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The amazing miracle fruit: How it makes sour stuff taste sweet

September 27, 2011|By Rosie Mestel, Los Angeles Times / For the Booster Shots blog
  • If you chew on a miracle fruit, sour foods like lemons will taste sweet for an hour or so. Scientists have figured out why.
If you chew on a miracle fruit, sour foods like lemons will taste sweet for… ( )

Ever tasted the miracle fruit? I haven't, but I really want to. You chew it around in your mouth and for the next hour, sour stuff like lemons taste really, really sweet.

Now researchers in Japan and France have figured out how the fruit plays this trick on us. It involves, not surprisingly, the sweet taste receptor that resides in the membrane of taste bud cells.

Normally, sugars bind to the sweet-taste receptor, as do artificial sweeteners like aspartame, saccharine and sucralose (Splenda). Scientists knew what ingredient in the miracle fruit does this weird thing to our senses: a protein in the fruit dubbed miraculin. But they didn't know how miraculin acted.

Here's how the team, reporting in this week's Proceedings of the National Academy of Sciences, figured it out.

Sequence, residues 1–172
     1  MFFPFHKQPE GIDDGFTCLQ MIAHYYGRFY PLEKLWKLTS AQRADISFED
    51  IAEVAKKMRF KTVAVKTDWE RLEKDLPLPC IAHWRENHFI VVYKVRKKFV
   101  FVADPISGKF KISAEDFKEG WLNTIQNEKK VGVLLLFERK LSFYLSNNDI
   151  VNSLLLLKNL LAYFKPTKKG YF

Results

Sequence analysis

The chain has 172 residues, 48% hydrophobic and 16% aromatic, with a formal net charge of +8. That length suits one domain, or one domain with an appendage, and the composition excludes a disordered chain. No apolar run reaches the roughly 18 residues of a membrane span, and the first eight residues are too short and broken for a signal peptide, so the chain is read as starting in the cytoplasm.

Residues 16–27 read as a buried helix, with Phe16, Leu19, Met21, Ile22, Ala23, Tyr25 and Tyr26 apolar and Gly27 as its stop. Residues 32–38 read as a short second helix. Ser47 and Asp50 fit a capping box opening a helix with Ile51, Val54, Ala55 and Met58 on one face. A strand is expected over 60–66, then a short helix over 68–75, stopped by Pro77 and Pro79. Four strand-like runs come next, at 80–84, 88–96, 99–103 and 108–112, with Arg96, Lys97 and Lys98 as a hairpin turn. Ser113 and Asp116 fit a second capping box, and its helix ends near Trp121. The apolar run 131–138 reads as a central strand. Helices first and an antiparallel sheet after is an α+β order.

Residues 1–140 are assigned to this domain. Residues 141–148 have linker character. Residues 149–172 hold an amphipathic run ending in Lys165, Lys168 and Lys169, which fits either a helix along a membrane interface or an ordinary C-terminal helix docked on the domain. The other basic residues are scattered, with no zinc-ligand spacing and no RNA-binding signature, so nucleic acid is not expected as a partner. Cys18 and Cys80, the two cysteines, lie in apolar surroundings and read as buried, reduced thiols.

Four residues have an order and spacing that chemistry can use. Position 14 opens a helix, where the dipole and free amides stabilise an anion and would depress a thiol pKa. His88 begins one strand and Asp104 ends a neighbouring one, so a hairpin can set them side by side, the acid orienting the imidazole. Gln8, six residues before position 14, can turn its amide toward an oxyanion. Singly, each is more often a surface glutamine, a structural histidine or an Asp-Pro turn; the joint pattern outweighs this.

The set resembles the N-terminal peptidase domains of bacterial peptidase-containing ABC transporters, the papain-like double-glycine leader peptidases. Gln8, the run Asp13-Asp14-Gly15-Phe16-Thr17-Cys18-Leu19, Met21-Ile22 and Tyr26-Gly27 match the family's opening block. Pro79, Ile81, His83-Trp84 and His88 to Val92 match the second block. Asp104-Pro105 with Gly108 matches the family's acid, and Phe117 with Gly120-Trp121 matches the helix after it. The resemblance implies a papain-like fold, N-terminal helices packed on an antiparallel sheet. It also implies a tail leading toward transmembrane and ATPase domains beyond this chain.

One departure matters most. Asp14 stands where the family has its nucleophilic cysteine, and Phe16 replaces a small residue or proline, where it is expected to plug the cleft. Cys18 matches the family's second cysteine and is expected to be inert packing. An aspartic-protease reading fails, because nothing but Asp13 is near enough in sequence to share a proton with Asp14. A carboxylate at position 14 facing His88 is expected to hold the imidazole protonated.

First, they genetically engineered human cells in a dish to carry the sweet taste receptor on their membranes.

Next, they exposed the cells to miraculin and let things sit awhile.

They acidified the solution in which the cells were bathed -- much as the saliva in your mouth would be acidified if you bit into a pickle or chewed on a lemon slice. Now they could see that the sweet-taste receptors became active.

If they didn¿t first add miraculin, acid didn't stimulate the receptors. And when the pH was neutral or alkaline, nothing happened either. (Other experiments conducted by the group narrowed down precisely what part of the sweet-receptor was involved in miraculin's sweet- taste trickery.)

The miracle fruit comes from the West African plant Richadella dulcifica. Read more about it at a website that devotes itself to explaining a different protein each month (it appears to have missed a few, but who am I to judge?) 

And there's avery nice description of the new experiment as well as the miracle fruit's history at the”Not Exactly Rocket Science¿ blog of British writer Ed Yong. 

Finally, as a special treat, here's a video of chef Homaro Cantu  demonstrating how you make a cookie with no sugar that tastes super sweet after you¿ve primed your taste buds with the miracle fruit.

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